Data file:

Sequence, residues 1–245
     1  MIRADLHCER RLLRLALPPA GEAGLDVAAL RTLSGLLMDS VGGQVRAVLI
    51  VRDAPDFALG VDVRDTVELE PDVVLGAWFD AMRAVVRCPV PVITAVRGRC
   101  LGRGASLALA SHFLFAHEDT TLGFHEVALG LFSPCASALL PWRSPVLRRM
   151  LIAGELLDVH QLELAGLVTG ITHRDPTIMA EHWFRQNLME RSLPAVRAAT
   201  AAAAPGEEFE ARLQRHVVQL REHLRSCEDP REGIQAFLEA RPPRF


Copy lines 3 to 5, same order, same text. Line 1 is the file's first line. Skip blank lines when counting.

    51  VRDAPDFALG VDVRDTVELE PDVVLGAWFD AMRAVVRCPV PVITAVRGRC
   101  LGRGASLALA SHFLFAHEDT TLGFHEVALG LFSPCASALL PWRSPVLRRM
   151  LIAGELLDVH QLELAGLVTG ITHRDPTIMA EHWFRQNLME RSLPAVRAAT